Steel City SQL Server Users Group – SQL Server 2005 Full Text Searching

Tonight I’ll be presenting at the Steel City SQL Users Group “Introduction to SQL Server Full Text Searching”. Here are the materials I’ll be using during the demo.

First, here is a PDF of the PowerPoint slides:

Full Text Search Power Points

Next, most of the demos used SQL statements. This PDF file has all of the SQL plus some associated notes.

Full Text Search Demo Scripts

Finally, I did a WPF project that demonstrated how to call a full text search query from a WPF Windows application. Annoyingly enough WordPress (who hosts my blog) won’t let me upload ZIP files, so I renamed the extension to pdf. After you download the file to your drive, remove the .pdf and put the zip extension back on, then it should expand all the source for you correctly. (Yes, I know, I really need to get a host server for binaries, one of these days I’ll get around to it, but for today…)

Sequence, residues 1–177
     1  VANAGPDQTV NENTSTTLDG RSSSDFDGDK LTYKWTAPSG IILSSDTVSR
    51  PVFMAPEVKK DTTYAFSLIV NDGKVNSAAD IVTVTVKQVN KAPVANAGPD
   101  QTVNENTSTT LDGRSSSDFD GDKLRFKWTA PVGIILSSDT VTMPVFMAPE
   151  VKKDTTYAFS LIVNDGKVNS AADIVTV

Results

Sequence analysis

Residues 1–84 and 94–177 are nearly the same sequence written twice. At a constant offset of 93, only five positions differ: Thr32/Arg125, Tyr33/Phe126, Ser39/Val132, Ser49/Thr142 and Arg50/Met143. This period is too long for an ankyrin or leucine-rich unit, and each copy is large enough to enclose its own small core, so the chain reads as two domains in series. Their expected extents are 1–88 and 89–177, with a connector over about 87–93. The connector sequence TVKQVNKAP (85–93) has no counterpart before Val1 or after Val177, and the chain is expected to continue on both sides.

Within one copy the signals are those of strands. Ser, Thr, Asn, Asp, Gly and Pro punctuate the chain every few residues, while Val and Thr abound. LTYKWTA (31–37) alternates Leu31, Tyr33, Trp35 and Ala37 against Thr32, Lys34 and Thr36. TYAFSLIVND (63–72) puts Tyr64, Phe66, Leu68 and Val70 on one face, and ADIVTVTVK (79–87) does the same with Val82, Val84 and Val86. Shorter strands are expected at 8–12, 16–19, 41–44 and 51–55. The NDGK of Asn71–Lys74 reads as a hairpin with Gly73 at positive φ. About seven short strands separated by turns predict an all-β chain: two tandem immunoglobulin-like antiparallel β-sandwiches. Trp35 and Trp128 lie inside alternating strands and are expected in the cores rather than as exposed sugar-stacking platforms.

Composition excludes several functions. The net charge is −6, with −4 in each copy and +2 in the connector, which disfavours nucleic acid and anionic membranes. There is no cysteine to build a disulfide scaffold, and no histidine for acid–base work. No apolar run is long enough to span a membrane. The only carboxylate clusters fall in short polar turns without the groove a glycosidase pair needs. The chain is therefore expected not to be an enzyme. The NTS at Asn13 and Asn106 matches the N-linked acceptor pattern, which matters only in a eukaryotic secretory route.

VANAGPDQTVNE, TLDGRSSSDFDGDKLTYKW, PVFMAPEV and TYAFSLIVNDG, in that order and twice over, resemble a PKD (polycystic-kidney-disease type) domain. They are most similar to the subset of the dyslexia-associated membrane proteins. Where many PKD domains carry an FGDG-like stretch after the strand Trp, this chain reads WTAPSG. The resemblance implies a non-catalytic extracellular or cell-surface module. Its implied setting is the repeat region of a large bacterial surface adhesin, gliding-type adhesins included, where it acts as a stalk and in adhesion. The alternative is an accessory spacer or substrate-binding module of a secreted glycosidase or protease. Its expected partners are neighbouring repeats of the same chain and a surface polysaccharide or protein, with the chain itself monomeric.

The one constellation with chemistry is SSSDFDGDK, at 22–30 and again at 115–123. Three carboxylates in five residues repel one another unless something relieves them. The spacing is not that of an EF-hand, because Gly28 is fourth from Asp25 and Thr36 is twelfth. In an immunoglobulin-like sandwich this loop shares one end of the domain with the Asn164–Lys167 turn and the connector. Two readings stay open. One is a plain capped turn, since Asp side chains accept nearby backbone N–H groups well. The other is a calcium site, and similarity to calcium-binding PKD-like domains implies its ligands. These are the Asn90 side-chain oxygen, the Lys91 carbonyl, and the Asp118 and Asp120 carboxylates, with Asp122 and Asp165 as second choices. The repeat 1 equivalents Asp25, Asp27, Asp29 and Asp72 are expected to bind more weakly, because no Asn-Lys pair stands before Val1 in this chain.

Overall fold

Source for WPF Demo

Look forward to seeing you at the New Horizons Training center tonight, 6:00 PM!

Don’t Uninstall Visual Studio 2005 Yet!

One of the great benefits of Visual Studio 2008 is the ability for it to target multiple .Net Frameworks. This means, in theory you could go ahead and begin using Visual Studio 2008 even though you still need to write apps that are 2005 / .Net 2.0 compliant. You might be tempted to go ahead and uninstall 2005. And that would be fine if you are only doing .Net development. But wait…